Edge Computing gains momentum in Healthcare

AT&T Edge Computing
Sheila Zabeu -

July 17, 2023

Edge Computing employed specifically in the healthcare sector appears to be taking off. That’s the conclusion of a new report from AT&T, which also reveals that the main change from the 2022 study was the use of this type of technology in tele-emergency medical services and remote initial care for non-urgent cases. The reason behind this modification is to allow emergency personnel to make faster and more informed decisions, according to AT&T.

In healthcare, edge computing is applied in patients’ homes, in laboratories or in the field. With the generation and consumption of data closer to healthcare professionals, decisions are often made where healthcare is delivered, and care can be more personalised, almost in real time in many cases.

When it comes to edge computing use cases in healthcare, the AT&T report highlights that one of the most promising aspects is the potential of this class of technology to use real-time data to contribute to better patient care delivery. The two most notable use cases are hospital at home services and autonomous robots/drones. The home hospital concept is based on the application of remote sensors and videoconferencing systems, for example, which allow care to be provided at home, freeing up beds in hospitals. Robots and drones, on the other hand, can perform tasks such as disinfecting rooms and operating theatres and delivering supplies within hospital environments.

Source: AT&T

Regarding endpoints, portable devices are the first choice, with 53% of responses. In addition, 74% of respondents use 4G/LTE cellular networks as their edge connectivity system. As a security solution, 52% are using a combined function of cybersecurity and on-premise networks. The main perceived threat in this context is insiders.

Challenges and investments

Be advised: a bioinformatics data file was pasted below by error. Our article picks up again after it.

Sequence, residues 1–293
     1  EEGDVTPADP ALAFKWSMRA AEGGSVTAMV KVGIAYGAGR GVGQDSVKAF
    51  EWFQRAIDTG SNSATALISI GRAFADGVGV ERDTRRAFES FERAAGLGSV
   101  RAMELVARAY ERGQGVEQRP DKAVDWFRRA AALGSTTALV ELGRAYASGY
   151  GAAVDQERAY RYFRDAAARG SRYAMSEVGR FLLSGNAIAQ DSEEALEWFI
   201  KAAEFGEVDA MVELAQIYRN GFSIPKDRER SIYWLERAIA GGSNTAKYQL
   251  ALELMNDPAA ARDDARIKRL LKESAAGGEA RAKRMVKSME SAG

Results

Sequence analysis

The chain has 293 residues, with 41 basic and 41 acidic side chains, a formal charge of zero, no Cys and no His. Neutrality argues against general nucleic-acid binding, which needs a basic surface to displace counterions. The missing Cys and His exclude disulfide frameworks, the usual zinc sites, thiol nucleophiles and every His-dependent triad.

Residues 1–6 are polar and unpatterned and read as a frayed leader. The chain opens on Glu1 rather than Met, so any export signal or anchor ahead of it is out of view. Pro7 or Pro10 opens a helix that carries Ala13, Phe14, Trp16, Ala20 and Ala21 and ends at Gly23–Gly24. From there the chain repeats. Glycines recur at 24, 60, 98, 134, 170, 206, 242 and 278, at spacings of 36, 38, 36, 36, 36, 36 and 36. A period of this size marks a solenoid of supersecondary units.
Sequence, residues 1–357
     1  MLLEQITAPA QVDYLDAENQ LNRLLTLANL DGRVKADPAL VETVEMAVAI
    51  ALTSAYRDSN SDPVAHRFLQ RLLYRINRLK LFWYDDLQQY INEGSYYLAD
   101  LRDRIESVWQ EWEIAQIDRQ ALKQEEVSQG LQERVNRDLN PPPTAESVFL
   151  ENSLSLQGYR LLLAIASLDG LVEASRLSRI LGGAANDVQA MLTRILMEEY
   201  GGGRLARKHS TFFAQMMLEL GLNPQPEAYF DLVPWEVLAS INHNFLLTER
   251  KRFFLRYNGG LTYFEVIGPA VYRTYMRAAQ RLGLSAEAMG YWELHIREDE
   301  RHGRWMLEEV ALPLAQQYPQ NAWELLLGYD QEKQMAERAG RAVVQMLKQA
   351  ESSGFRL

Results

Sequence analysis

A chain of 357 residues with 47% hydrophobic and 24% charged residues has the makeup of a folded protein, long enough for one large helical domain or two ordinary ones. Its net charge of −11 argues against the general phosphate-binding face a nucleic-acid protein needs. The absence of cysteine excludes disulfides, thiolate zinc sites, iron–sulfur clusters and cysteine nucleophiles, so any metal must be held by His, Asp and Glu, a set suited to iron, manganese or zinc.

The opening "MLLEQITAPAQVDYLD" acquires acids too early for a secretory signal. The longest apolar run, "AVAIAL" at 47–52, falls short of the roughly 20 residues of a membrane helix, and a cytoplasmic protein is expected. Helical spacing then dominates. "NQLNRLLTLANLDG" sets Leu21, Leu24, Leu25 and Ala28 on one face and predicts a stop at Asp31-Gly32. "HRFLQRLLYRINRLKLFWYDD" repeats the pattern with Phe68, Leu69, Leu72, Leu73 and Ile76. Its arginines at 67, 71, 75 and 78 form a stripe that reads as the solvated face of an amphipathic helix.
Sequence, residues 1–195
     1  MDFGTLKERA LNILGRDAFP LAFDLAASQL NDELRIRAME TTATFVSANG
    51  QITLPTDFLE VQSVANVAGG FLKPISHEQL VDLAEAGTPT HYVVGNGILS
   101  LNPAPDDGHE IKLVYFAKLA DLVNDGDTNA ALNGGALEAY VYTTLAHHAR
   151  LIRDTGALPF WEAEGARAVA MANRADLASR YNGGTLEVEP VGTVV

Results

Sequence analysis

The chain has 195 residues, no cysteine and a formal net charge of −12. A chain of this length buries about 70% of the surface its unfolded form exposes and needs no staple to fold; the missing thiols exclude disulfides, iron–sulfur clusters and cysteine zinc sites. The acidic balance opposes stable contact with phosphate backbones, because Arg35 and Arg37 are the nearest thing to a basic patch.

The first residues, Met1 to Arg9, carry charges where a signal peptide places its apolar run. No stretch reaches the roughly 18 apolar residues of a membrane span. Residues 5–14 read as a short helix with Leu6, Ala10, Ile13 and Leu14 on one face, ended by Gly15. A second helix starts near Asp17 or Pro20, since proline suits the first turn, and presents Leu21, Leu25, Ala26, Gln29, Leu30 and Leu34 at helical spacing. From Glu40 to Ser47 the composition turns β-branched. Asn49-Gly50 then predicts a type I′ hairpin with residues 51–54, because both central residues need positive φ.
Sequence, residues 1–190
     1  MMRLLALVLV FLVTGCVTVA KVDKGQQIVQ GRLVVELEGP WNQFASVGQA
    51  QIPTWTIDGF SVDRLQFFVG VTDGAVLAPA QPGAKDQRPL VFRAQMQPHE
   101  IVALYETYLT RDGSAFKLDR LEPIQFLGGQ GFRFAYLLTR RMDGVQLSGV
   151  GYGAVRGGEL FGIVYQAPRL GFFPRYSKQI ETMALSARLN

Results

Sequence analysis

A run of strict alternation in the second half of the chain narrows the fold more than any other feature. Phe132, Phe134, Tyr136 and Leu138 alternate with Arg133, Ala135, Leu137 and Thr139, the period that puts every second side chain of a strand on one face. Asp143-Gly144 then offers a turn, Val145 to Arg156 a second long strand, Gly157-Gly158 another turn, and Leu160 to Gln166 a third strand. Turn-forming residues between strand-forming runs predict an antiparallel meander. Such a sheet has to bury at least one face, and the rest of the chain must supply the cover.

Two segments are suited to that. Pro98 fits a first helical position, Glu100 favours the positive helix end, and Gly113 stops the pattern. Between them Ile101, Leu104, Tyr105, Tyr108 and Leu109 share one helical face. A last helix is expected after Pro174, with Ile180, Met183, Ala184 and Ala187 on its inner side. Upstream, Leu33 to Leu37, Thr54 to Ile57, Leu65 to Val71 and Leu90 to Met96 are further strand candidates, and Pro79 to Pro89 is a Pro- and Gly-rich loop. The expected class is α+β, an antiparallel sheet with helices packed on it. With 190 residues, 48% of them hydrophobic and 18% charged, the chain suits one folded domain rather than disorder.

As in any other area, the health segment faces a major challenge associated with edge computing: security. Data manipulated at the edge is vulnerable, and can even involve the theft or physical loss of devices. AT&T cites the example of data collected at the bedside or via robots that perform surgeries thousands of kilometres away from the surgeon. In this case and in many others, there are many risks of data breach. Hence the need for dynamic cybersecurity systems.

Another challenge has to do with the collaboration needed between all the links involved in edge computing solutions for healthcare. This ecosystem ranges from business leaders and IT and development professionals, to legal and compliance departments that need to be alert to regulatory and privacy issues in healthcare.

The AT&T report reveals that consultant involvement has been a priority for those embarking on edge computing projects. The majority of respondents (64%) rely on external experts for planning, and 71% seek guidance from external consultants during production. Seeking external advice can make processes more agile, save time and reduce costs.

When examining edge computing investments in healthcare, the adage “follow the money” also holds true. The study reveals that the allocation of resources in strategy, planning, network infrastructure, applications and security that organisations intend to make in three years is almost equally distributed among these areas. The following chart illustrates the allocation of investments across five key use cases.

AT&T’s recommendation for healthcare organisations looking to invest in edge computing is to follow a few basic steps: (1) Create a profile outlining own capabilities and limitations; (2) Develop an investment strategy; (3) Enhance compliance tools; (4) Align resources with emerging priorities; and (5) Build resilience and prepare to deliver dynamic responses.

Finally, the report emphasises that successful edge computing projects require a holistic approach encompassing collaboration, compliance, resilience and adaptability. Considering these characteristics will enable better patient experiences, as well as increased operational efficiency and cost effectiveness even in a rapidly evolving landscape.

Edge computing in the healthcare sector is expected to be a $12.9bn industry by 2028, up from $4.1bn in 2022, representing a compound annual growth rate of 26.1% over this forecast period, according to ResearchAndMarkets. The increased uptake worldwide by healthcare organisations is due to benefits such as low latency, traffic distribution, improved reliability and reduced costs, the report points out.